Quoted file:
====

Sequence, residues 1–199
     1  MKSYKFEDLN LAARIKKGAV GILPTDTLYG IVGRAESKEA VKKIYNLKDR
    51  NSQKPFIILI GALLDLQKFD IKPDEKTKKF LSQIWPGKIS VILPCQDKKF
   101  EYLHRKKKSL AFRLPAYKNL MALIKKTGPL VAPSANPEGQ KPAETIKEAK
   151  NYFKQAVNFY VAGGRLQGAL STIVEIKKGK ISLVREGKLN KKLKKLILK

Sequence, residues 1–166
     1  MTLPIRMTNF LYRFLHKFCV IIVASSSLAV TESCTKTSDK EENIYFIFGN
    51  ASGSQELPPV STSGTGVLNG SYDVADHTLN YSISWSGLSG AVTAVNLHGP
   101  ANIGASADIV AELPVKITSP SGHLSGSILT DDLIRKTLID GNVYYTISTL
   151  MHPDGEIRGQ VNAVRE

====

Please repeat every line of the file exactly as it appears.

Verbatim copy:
Sequence, residues 1–199
     1  MKSYKFEDLN LAARIKKGAV GILPTDTLYG IVGRAESKEA VKKIYNLKDR
    51  NSQKPFIILI GALLDLQKFD IKPDEKTKKF LSQIWPGKIS VILPCQDKKF
   101  EYLHRKKKSL AFRLPAYKNL MALIKKTGPL VAPSANPEGQ KPAETIKEAK
   151  NYFKQAVNFY VAGGRLQGAL STIVEIKKGK ISLVREGKLN KKLKKLILK

Sequence, residues 1–166
     1  MTLPIRMTNF LYRFLHKFCV IIVASSSLAV TESCTKTSDK EENIYFIFGN
    51  ASGSQELPPV STSGTGVLNG SYDVADHTLN YSISWSGLSG AVTAVNLHGP
   101  ANIGASADIV AELPVKITSP SGHLSGSILT DDLIRKTLID GNVYYTISTL
   151  MHPDGEIRGQ VNAVRE